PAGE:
U.S., five other countries push Chavez for elections

Saturday, February 1, 2003

CARACAS, Venezuela -- Diplomats from the United States and five other countries met with President Hugo Chavez and opposition leaders Friday, seeking a deal for early elections and an end to a two-month strike.

With indications the strike was dying down, opponents were hoping international pressure on Chavez to negotiate would help revive their drive for early balloting.

But Foreign Minister Roy Chaderton said the government had no intention of pledging to end Chavez's term early.

"The government has no interest in doing away with itself," Chaderton said Friday.

To demonstrate that discontent with Chavez continues, tens of thousands of opponents protested government investigations into three independent television stations accused of supporting the strike.

Envoys from the United States, Brazil, Chile, Mexico, Portugal and Spain made no comments after meeting with Chavez and strike leaders. Later Friday, they were to attend negotiations sponsored by the Organization of American States.

The diplomatic group is urging both sides to accept one of two proposals made by former Nobel Peace Prize winner Jimmy Carter.

One is to hold a recall referendum on Chavez's rule halfway through his six-year term, or August. Venezuela's constitution allows opponents to petition for such a vote by gathering signatures from 20 percent, or 2.4 million, of the country's 12 million registered voters.

The other -- favored by Chavez opponents -- calls for ending the strike in exchange for a government pledge to push through quickly a constitutional amendment cutting Chavez's six-year term to four years, clearing the way for early elections.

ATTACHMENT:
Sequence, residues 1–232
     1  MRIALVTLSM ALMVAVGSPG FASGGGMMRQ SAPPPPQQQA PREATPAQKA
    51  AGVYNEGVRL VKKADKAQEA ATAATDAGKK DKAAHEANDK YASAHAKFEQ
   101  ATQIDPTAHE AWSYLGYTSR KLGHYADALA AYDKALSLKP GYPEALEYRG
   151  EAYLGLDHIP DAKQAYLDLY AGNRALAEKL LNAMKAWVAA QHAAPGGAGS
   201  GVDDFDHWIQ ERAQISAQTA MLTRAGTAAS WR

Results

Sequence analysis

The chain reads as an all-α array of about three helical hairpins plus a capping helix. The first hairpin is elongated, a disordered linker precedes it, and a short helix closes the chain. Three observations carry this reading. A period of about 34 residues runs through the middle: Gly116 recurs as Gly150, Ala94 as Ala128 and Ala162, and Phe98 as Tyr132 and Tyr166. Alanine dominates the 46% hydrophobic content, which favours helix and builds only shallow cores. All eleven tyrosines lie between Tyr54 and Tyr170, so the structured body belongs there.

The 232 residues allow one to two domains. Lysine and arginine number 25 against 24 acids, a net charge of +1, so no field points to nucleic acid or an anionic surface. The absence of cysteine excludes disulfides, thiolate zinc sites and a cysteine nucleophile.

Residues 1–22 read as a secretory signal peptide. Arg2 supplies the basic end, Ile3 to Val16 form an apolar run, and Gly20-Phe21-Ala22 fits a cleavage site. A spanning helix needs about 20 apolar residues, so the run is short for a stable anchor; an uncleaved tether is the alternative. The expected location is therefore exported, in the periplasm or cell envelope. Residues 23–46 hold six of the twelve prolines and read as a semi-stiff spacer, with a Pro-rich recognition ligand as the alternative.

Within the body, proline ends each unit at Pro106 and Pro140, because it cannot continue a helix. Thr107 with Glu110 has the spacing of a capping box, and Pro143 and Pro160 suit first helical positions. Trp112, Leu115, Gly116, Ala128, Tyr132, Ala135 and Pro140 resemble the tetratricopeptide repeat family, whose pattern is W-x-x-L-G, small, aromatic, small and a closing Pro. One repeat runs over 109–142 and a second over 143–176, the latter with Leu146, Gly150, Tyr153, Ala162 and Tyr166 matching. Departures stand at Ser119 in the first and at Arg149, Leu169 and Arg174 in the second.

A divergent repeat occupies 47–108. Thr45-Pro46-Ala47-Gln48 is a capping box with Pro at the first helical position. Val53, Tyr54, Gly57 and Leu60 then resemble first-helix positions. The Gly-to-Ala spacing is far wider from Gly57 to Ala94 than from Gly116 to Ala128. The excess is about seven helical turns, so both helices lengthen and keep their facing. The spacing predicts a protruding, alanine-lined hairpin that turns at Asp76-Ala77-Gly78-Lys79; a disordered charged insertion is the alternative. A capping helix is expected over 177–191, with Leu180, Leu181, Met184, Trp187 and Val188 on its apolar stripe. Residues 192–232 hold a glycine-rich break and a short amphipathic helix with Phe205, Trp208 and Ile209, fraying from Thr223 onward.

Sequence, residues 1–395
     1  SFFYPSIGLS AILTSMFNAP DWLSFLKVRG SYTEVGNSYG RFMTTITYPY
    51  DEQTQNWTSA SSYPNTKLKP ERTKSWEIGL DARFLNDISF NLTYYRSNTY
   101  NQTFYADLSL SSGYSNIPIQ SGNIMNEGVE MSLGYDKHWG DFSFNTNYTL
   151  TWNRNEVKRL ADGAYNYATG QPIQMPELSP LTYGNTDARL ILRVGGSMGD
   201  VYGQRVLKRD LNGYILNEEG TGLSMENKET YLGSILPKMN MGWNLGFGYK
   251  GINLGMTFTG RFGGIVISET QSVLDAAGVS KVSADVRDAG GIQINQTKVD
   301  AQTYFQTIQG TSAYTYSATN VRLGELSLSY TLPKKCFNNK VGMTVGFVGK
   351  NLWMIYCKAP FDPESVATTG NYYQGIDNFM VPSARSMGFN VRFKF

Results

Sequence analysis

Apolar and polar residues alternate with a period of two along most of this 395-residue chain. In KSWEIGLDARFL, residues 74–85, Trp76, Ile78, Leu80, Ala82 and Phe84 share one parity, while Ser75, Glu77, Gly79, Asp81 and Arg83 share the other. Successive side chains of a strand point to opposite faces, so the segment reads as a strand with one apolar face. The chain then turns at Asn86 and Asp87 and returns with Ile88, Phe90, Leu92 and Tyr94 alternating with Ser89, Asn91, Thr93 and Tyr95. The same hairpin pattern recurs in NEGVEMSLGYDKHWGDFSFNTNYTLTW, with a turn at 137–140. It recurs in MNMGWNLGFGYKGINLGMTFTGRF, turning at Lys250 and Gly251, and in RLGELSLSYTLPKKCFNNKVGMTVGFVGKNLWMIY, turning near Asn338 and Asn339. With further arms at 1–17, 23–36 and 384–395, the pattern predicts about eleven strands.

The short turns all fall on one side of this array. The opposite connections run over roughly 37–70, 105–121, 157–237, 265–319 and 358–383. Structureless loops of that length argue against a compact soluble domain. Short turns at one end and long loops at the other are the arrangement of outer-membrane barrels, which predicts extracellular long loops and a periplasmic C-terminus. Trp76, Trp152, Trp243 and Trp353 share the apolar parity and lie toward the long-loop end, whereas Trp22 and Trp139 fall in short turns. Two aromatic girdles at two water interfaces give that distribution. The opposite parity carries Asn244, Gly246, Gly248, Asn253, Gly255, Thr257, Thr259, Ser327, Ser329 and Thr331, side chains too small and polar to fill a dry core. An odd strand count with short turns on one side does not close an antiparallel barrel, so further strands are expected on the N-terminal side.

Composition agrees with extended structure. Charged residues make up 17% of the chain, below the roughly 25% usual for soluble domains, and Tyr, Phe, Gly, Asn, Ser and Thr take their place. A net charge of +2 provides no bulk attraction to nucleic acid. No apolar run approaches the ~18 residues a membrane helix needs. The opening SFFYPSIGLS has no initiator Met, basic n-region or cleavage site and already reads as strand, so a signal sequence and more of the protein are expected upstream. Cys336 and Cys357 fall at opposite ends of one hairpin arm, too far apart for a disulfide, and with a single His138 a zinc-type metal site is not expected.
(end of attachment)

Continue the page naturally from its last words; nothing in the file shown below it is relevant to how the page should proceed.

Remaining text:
The government has managed to raise oil production beyond 1 million barrels a day -- a third of normal, signaling that Chavez was regaining control of the state oil monopoly, Petroleos de Venezuela S.A., where the walkout is the strongest. Oil provides 70 percent of export revenue and half of government earnings.

Before the strike, Venezuela was the world's fifth-largest oil exporter and a major supplier to the United States.

In another sign the strike was weakening, private banks announced they would restore normal working hours next week after two months of opening just three hours a day. Also,factories, schools, shopping malls and franchise restaurants are discussing opening next week, fearing bankruptcy.

The Bush administration has promoted early elections as a solution to the crisis.

Chavez has irritated Washington by cozying up to Cuba and criticizing civilian deaths in the U.S.-led bombing campaign against Afghanistan. Chavez tried unsuccessfully to widen the negotiating group to include governments more friendly to him.

The strike, although it is faltering, has plunged Venezuela's already fragile economy into deeper straits. By government estimates, the country has lost $4 billion. Private economists warn the economy could shrink 25 percent in the first three months of the year after contracting an estimated 8 percent last year.

The Central Bank was forced to suspend dollar sales after the bolivar currency plunged 25 percent this year.

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